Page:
by Dr. Iain
of the ever-smiling faces in the Bangkok Pattaya Hospital belongs to Neil
Maniquiz, the marketing executive in the International Department.
Thailand may be the land of smiles, but surprisingly for many people, even
though he speaks Thai and is small and has dark hair, Neil is not Thai,
but is Filipino.
He was born in northern Manila and his father was a
government officer and his mother a secondary school teacher. It was a
good Catholic household and their only son, Neil, was sent to the Good
Samaritan College where he showed an interest in science and biology.
With good grades and that interest, his parents wanted
him to be a doctor or a dentist, and he entered university with those
professions in mind. However, he found that the study and the length of
time of the undergraduate courses were not to his liking and he dropped
out after two years.
He was not lost to biology and science though, because
he transferred to Nursing, using the two years as part credit towards that
shorter course. There were 50 students in his year, and only 10 males, but
Neil was not deterred. His heart was set on becoming a “Mister
He graduated with a degree in Nursing and went to work
in a government hospital while waiting for his ‘Board Examination’
accreditation. He knew immediately that he had made the right decision.
“It was exciting for me. I liked the ‘action’ of the Emergency Room
(ER). I didn’t like the routine of the wards. The excitement of working
on somebody who is nearly dead and reviving them. It’s really
rewarding,” said Neil, his eyes flashing, remembering the excitement of
those early days. He also liked the Operating Theatre work, but it was ER
that really attracted him. “I liked the action. You meet many people in
tragic situations. Nursing is more than emergency treatment. You have to
be ready to support and counsel the relatives.”
But along with excitement and a rewarding profession
there was a downside too. “The hours are long and shift work can be a
problem. You can do nightshift for a week and then dayshift the next week.
You have to do a lot of adjustment. You have to work on public holidays
and birthdays. You have to give yourself to nursing.”
He ‘gave himself’ to nursing in the Philippines for
three years, but there was another need for excitement inside the young
Neil. He had begun to travel and would visit an aunt who lived in Bangkok.
This woman was to play a major part in Neil’s life. “She suggested I
should look for work in Thailand and referred me to a hospital in the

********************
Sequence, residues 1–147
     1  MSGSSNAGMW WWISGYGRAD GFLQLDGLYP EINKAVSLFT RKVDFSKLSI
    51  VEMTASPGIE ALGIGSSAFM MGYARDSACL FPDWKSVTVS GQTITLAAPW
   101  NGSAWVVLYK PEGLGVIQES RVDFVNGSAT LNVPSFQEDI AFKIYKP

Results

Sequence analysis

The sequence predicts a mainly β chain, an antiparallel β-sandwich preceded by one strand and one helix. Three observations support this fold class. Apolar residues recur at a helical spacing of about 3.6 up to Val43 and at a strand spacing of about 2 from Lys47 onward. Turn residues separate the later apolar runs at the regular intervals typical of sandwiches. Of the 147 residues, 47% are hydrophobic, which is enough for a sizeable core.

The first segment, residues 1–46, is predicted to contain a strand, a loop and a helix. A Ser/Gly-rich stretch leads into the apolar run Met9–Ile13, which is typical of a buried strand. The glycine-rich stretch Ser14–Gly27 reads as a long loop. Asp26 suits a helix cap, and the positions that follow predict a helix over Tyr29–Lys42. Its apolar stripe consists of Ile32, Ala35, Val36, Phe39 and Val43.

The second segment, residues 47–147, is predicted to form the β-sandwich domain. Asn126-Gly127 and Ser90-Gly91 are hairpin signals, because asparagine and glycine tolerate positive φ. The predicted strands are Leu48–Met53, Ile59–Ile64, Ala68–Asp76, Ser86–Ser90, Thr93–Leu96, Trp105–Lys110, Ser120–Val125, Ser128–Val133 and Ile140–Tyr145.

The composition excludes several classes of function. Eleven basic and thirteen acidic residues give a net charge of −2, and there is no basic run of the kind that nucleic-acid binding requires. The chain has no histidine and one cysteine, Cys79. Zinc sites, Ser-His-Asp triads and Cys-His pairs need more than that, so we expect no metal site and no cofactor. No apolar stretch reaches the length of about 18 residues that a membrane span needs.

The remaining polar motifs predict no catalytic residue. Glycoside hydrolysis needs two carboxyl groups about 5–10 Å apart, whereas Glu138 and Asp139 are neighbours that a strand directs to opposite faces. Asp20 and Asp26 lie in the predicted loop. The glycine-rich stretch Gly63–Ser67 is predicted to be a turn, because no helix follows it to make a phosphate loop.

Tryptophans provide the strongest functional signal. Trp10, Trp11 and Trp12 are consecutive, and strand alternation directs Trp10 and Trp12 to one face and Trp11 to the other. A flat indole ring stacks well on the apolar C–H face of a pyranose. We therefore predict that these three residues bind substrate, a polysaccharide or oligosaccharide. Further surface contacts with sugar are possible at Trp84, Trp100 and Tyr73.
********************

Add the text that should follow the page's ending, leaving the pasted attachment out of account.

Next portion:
He found he could have a post as a volunteer nurse for
12 months, and with some financial support from his mother and his aunt,
plus hospital food, he made it through for the volunteer year. He learned
enough Thai to get by, to add to his fluency in Tagalog (his native
tongue), English and Spanish.
By this stage he had also discovered the seaside resort
of Pattaya. “It was a nice place, a resort - and a lot of fun,” said
Neil, grinning broadly! He looked around to see what was offering and was
hired by one of the international schools to work in their science
He worked in the school for a few months, but this was
not as fulfilling as he would have liked. “I missed my nursing, so I
applied for a part-time nursing position.” He then found that to be
fully registered in Thailand he would have to sit the Thai Nursing Board
examinations. The academic side held no fears for him, but then he found
that the exams were in written Thai! He could speak colloquial Thai - but
written Thai! No way!
Serendipity stepped in at that point. The Bangkok
Pattaya Hospital was looking for a coordinator in the International
Department. “I quit the school because I really liked nursing and being
part of medicine.” And so he joined the hospital, still not
‘nursing’ per se, but at least he was back in the medical milieu.
Now after a few years in the International Department,
he has moved into marketing and Neil has seen that his nursing career,
rather than contracting, has actually expanded. “In the Philippines I
would only be doing nursing - but here I do many things. In marketing, I
am actually marketing the whole hospital, so it’s good to have a medical
background. I’ve never liked routine work, and marketing always has new
things coming up each day. I like the challenge - but it’s pressure
sometimes.” For a young man who liked the pressure of the ER, I am sure
that Neil handles well the pressures in marketing.
Neil remains active and used to be a very enthusiastic
baseball player, but finds it difficult to indulge in that sport here, but
does manage to play tennis twice a week and even the occasional game of
He is still single, saying that he is still searching,
though I have the feeling that Neil is enjoying himself too much to
actually spend much of his leisure time ‘looking’. Other avenues also
use his time, such as being part of voluntary Outreach programs and being
the medical coordinator for the Filipino Association in Thailand, Eastern
Seaboard branch. “But I don’t have much time,” said Neil,
“There’s so many programs going on in the hospital at the moment.”
Neil is proud to be Filipino, and has no problems with
being a Catholic in a Buddhist country. “I have one aunty who is a nun
and one relative is a priest. I come from a strong Catholic family.” He
goes to church here every week, as Catholicism really is part of the man
One day he will return to the Philippines, but not yet. “I’m still
having too much fun at this stage,” said Neil, smiling again!